Whenever someone says thank you, people, in English-speaking countries often respond with my pleasure. They may also use something similar to that to express that it was their pleasure to give assistance or help someone else in some way.
So, you’ll receive my pleasure as a response after saying thank you, whether you’re speaking with a person face to face or communicating with them by using regular digital media.
“My pleasure” accompanies the end of a conversation, so you do not have to respond to it. If you want to respond anyway, a friendly nod or a handshake will suffice.
A Verbal Response Isn’t Required
My pleasure is usually the final statement in a conversation. It ends a conversation that’s centered around someone expressing appreciation for something that was done for them.
As such, it’s not necessary to make another verbal statement after someone has said my pleasure. Instead, the other party usually expects you to take some form of physical activity.
If you’re continuing verbal engagement they expect you to switch to a different topic of conversation.
When You Feel Compelled to Say Something
There are situations where the gift that a person has given you is so meaningful to you, that you feel compelled to say something even after you’ve already said thanks and they’ve said my pleasure.
It is always best to end the conversation at my pleasure. Sometimes, saying thanks, again and again, can make the other person feel slightly uncomfortable. This can cause them to hesitate when they want to help you again in the future.
However, if you really would like to emphasize how much you appreciate their gift, you can say:
“You don’t know how much this means to me.”
“I really appreciate this.”
“This has made a big difference in my life.”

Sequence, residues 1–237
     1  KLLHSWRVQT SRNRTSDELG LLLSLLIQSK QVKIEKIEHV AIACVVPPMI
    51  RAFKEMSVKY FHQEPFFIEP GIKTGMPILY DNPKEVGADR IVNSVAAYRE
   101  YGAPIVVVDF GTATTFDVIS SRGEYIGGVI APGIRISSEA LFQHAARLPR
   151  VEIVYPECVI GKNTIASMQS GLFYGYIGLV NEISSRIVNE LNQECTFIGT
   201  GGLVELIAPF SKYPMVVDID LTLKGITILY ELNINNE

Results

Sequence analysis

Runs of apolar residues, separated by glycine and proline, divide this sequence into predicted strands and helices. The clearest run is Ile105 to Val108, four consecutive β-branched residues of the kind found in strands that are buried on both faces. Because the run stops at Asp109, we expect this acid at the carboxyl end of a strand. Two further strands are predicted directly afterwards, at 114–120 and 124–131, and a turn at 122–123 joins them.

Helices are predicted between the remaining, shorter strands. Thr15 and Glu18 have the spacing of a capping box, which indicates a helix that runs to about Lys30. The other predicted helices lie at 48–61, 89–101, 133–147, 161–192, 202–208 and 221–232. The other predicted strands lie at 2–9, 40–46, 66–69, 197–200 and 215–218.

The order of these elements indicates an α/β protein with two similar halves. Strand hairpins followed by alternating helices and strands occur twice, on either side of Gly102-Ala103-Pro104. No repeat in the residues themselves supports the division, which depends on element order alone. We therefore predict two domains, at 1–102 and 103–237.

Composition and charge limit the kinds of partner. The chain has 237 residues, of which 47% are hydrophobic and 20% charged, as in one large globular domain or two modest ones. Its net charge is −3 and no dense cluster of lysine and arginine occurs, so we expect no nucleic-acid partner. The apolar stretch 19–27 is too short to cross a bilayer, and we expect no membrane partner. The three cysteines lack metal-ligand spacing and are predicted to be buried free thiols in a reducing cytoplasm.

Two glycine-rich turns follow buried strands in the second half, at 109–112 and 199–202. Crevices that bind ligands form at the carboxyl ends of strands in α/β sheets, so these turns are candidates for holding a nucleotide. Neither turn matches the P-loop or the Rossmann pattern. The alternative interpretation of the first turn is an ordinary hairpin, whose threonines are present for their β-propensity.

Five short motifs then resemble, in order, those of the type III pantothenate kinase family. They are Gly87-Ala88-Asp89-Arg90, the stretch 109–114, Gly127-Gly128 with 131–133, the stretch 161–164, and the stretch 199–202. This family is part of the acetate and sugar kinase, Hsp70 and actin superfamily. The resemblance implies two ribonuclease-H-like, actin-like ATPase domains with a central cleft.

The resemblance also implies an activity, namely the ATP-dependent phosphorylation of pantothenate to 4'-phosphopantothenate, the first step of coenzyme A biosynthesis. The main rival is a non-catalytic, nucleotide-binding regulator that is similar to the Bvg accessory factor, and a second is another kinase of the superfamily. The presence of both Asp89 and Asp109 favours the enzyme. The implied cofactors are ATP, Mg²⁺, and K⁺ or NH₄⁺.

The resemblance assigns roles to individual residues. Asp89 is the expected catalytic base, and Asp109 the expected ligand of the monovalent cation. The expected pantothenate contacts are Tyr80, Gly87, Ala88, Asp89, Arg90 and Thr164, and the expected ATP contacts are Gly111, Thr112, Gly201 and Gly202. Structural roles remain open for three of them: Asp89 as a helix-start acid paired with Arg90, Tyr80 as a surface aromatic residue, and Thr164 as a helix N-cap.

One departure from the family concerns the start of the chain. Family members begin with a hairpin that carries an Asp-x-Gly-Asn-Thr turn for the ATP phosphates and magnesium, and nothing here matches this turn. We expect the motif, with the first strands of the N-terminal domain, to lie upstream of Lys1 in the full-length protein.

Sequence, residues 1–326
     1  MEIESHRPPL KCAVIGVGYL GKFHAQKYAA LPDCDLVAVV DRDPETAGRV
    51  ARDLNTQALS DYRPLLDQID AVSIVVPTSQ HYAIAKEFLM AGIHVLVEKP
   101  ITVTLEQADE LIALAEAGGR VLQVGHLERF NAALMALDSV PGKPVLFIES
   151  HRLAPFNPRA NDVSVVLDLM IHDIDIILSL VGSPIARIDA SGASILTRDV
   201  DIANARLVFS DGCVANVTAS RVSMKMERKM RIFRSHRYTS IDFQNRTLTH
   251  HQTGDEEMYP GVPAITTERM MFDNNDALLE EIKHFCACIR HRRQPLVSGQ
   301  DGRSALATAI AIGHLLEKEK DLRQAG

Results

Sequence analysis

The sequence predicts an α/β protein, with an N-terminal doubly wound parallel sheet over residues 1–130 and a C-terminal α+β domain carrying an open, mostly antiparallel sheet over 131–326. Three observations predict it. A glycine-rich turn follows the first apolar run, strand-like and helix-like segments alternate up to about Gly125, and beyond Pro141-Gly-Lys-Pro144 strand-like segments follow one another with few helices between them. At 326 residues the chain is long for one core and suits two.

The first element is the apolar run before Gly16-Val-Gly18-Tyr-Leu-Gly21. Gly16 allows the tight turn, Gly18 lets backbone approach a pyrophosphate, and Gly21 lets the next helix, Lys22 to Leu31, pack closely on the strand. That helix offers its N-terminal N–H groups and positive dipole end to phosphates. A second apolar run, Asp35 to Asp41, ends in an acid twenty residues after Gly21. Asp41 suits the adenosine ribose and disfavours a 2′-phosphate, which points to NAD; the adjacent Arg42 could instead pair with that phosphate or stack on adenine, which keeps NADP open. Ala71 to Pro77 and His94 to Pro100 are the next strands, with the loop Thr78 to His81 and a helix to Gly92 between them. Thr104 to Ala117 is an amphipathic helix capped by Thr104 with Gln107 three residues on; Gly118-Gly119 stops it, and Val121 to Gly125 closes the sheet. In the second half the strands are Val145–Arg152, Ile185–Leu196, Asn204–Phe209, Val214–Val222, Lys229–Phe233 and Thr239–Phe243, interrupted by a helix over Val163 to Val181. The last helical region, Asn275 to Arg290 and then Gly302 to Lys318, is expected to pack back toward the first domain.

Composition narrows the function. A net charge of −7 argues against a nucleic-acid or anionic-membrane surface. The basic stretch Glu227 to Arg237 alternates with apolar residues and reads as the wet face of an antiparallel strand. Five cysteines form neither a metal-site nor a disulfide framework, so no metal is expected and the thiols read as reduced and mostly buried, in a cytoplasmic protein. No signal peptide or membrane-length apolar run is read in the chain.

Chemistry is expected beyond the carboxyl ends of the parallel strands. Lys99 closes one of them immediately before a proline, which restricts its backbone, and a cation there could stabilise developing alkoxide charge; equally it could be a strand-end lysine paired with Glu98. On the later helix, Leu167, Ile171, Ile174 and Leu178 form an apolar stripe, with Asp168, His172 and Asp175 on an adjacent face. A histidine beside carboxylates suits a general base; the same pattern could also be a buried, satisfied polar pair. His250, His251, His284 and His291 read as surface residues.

“This means so much to me.”
“You’re very kind and I want you to know that this has made an impact on me.”
Switch the Topic
Saying my pleasure ends the current topic of conversation. So after someone has said my pleasure you can feel free to transition to a different topic.
If you’d like to shift to a different topic of conversation, you could first introduce something that’s related to whatever you are just discussing.
You can introduce a new topic naturally in the following ways:
“So, I heard that the meeting next week will address some of the topics that we were discussing.”
“How are things at the office?”
Saying my pleasure is a bit like handing someone your business card. It’s sometimes a signal that a conversation is coming to an end.
If someone says you’re welcome, and you have nothing else to talk about you can feel free to say goodbye at that point. Assess the other person’s signals carefully.
If they had only stopped in response to you because you wanted to tell them thanks, the conversation doesn’t need to go beyond that at that moment in time.
For example, if you saw a friend walking by and stopped them to tell them thanks for a gift they might have been en route to something important.
You might switch the topic or end the conversation. What you do will depend on the other signals that they’re giving to you. So, if they appear to be in a hurry, you could say: